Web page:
Activity patterns of wild European lobster Homarus gammarus in coastal marine reserves: implications for future reserve design
Journal article, Peer reviewed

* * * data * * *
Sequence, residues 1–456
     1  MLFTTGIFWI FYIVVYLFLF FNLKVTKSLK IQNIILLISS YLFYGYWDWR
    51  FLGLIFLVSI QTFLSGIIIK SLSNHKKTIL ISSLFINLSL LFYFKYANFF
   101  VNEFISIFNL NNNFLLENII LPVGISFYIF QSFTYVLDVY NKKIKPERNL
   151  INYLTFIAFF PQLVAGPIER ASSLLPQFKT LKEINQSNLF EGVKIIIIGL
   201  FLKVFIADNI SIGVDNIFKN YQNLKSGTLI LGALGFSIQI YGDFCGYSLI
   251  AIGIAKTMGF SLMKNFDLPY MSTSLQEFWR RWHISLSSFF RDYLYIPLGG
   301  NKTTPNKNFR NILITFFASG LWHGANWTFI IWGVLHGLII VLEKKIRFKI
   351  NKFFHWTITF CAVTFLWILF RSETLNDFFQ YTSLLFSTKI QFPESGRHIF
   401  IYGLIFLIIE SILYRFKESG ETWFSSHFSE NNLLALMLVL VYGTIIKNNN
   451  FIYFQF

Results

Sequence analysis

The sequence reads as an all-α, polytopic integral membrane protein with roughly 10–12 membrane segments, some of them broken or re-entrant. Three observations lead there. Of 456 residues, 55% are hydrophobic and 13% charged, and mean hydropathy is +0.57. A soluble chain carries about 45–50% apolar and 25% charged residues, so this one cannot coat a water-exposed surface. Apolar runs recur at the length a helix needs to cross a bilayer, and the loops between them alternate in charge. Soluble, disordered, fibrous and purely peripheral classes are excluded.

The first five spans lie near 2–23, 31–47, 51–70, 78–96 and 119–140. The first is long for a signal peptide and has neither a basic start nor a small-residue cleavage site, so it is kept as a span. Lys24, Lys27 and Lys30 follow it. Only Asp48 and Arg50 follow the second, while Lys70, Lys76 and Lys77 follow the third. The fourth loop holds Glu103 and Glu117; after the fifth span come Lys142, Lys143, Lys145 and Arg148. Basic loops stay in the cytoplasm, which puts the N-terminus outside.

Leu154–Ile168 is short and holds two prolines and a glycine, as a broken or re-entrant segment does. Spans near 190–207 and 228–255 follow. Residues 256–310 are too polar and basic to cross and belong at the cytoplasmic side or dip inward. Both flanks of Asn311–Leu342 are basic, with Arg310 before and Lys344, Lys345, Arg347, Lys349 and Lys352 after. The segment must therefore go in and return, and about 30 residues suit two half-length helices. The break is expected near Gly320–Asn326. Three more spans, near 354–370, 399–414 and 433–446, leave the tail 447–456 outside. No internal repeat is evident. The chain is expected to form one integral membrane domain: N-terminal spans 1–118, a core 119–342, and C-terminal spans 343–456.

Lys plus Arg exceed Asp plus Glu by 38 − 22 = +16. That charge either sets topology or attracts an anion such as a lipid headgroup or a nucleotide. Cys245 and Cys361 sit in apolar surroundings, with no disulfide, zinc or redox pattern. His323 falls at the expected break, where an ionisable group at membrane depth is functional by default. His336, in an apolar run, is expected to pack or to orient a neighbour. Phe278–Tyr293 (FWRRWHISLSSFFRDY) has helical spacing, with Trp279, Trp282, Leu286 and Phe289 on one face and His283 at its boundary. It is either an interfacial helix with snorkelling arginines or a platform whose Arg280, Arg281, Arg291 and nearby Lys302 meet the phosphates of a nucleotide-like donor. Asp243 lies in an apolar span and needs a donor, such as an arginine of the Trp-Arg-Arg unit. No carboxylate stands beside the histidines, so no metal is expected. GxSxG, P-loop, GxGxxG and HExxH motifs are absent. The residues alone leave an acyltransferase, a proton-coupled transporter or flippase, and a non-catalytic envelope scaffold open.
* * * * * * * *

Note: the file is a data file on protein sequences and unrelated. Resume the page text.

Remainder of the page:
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European lobster Homarus gammarus in Norway has been in decline over the last 30 to 40 yr, and the species is currently red listed according to International Union for Conservation of Nature criteria. In 2006, experimental lobster reserves were established in the coastal Skagerrak, southern Norway, allowing for studies in the absence of disturbance by fishing gear. We present behavioural data from individual lobsters (n = 10) within 2 of the reserves. These data were obtained from data storage tags which logged in situ temperature and depth of specific individuals for up to 1 yr. To the best of our knowledge, these are the first direct measurements of depth obtained from freely behaving lobsters. Net movement exhibited by recaptured lobsters, measured as the distance between global positioning system positions recorded at the site of capture and recapture ranged from 15 to 580 m. Lobsters used habitats within a depth range of 1 to 57 m, and experienced sea temperatures ranging from 2°C during late winter (February to March) to 18°C during late summer (August to September). Lobster activity levels declined from September, reaching a minimum during February and March. From April, activity levels resumed. Seasonal variation in activity was correlated to water temperature (r2 = 0.55). Lobsters were more active during nighttime than during daytime, and there was a tendency for lobsters to reside in more shallow water during nighttime versus daytime. The present study suggests that future reserves for European lobster should be designed to include deeper habitat (30 to 50 m) in areas where such habitat exists when the management objective is long-term protection.